An improved smile: Negotiating norms and ideals in orthodontic treatment with fixed appliance
2012 (English)Conference paper, Presentation (Other academic)
More than every fourth Swedish adolescent undergo orthodontic treatment to correct malocclusion. The treatment is subsidized by the state before the age of 20. Aesthetical reasons and enhancement of life are the main offers. This ongoing ethnographic study focuses on the interaction between adolescents, parents, orthodontists and assistants during three activities that precede a possible treatment with fixed appliance; consultation, examination and information. It aims to understand how aesthetical norms are discussed and negotiated, how deviation of the bite is evaluated, and how adolescents, parents, orthodontists and material representations interact.A combination of theoretical perspectives from Science and Technology Studies and medical sociology/anthropology are used in order to understand clinical practice as collaboration and interaction between practitioners and patients. Drawing from childhood studies I also explore the young patients as social actors, that both influence and are influenced by clinical and technical practices, when bodily deviations are observed and corrected. The initial analyses show that the consultation is a quick evaluation of the deviation. The adolescents negotiate the necessity of the treatment and some ask for a second opinion when denied treatment. Examination, on the other hand, does not include negotiations, but is embedded in many organizational routines. The deviation is visualized in a number of ways which includes procedures that are bodily intrusive and sometimes painful. Finally, the information is an agreement of the road to a future bite. In front of the computer the patient, a parent and the orthodontist discuss all visualizations and imagine the future bite.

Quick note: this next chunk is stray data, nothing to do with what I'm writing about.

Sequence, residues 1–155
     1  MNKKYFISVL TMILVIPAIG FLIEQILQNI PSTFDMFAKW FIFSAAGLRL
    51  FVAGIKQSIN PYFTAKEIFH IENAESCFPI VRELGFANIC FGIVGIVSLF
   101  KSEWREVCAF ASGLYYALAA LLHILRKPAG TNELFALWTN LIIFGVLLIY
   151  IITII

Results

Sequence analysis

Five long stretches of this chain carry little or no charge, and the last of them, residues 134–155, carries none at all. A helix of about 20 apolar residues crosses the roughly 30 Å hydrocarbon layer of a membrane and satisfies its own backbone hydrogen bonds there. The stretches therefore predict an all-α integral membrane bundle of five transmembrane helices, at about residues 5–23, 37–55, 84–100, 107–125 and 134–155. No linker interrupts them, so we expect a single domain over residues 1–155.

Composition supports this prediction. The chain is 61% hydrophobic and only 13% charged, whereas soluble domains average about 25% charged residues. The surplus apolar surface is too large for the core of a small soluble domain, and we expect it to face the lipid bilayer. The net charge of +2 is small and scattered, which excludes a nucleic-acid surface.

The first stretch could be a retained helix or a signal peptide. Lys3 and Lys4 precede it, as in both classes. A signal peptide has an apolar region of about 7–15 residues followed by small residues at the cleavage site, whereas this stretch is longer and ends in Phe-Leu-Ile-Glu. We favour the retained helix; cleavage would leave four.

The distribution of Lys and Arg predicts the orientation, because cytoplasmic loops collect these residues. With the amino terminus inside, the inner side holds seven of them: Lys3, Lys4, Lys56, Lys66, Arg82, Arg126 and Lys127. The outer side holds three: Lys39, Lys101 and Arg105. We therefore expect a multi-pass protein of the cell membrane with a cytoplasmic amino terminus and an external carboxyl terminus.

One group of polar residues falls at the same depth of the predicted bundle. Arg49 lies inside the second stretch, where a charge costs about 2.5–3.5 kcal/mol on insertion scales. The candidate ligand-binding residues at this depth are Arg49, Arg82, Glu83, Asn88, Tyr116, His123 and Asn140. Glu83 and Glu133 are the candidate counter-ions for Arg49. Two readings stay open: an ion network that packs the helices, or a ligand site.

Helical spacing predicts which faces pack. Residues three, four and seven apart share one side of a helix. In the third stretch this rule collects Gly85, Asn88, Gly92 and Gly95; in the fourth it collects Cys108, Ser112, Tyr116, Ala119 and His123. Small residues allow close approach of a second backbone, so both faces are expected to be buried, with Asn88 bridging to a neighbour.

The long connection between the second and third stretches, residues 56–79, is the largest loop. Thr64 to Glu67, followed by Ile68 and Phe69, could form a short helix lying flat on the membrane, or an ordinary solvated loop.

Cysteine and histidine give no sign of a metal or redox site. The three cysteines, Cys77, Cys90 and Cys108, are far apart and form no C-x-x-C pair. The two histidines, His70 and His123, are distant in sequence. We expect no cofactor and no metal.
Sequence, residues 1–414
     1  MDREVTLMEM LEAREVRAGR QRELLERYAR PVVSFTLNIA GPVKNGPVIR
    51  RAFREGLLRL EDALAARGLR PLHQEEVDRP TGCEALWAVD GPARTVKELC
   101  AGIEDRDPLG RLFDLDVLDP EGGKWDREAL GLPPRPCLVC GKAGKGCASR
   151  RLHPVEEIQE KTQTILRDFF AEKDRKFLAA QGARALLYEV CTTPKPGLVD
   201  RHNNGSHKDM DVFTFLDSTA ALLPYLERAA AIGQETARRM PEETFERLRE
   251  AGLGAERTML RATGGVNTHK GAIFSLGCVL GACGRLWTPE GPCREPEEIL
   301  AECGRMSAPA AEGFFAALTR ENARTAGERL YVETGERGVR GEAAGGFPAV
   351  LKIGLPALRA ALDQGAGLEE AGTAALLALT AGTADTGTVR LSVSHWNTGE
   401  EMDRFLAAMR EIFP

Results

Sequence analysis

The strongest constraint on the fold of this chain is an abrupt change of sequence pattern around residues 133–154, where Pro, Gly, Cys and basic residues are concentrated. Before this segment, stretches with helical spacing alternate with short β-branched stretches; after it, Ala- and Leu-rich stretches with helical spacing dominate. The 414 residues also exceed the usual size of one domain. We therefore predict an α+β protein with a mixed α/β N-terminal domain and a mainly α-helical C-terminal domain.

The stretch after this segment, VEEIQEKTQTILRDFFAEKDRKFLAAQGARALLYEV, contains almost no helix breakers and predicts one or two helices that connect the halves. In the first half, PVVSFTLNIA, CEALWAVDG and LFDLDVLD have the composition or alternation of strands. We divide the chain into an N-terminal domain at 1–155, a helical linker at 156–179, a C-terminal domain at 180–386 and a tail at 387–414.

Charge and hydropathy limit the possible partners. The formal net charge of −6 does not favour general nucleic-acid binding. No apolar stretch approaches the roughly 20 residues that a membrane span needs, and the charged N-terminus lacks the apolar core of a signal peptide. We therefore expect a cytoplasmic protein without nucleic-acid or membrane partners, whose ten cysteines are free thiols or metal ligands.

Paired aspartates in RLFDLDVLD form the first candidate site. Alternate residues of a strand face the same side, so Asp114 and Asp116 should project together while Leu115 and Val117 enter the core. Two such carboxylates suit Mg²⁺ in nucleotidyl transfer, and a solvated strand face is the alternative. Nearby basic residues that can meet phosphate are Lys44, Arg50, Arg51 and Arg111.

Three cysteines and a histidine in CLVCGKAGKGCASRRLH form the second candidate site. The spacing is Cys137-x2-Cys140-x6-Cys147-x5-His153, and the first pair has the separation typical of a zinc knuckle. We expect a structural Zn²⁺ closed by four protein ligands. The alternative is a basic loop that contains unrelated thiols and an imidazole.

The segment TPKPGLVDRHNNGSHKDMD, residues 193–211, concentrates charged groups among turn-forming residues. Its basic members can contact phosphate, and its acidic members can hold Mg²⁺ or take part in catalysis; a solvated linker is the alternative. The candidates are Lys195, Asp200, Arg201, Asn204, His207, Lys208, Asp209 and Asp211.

Place, publisher, year, edition, pages
IdentifiersURN: urn:nbn:se:liu:diva-85173OAI: oai:DiVA.org:liu-85173DiVA: diva2:565731
British Sociology Association Medical Sociology Annual Conference, 5-7 September 2012, University of Leicester, UK